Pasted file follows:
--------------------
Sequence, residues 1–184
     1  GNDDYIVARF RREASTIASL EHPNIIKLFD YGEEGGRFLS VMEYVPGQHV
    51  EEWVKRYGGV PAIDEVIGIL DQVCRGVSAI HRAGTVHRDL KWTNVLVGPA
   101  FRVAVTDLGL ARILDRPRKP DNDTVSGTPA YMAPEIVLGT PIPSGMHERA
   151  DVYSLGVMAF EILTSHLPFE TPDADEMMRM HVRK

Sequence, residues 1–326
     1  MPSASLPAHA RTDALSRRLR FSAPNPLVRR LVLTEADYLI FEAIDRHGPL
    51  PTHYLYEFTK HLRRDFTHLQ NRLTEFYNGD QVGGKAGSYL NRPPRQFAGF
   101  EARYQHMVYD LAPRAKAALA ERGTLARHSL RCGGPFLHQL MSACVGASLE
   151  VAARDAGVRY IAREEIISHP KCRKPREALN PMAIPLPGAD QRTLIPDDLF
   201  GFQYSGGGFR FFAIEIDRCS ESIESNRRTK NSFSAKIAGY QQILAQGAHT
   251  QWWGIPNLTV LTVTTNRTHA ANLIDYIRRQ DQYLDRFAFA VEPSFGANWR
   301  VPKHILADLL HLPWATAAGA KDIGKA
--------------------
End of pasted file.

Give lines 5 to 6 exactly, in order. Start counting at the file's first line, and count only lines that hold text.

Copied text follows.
   151  DVYSLGVMAF EILTSHLPFE TPDADEMMRM HVRK

Sequence, residues 1–326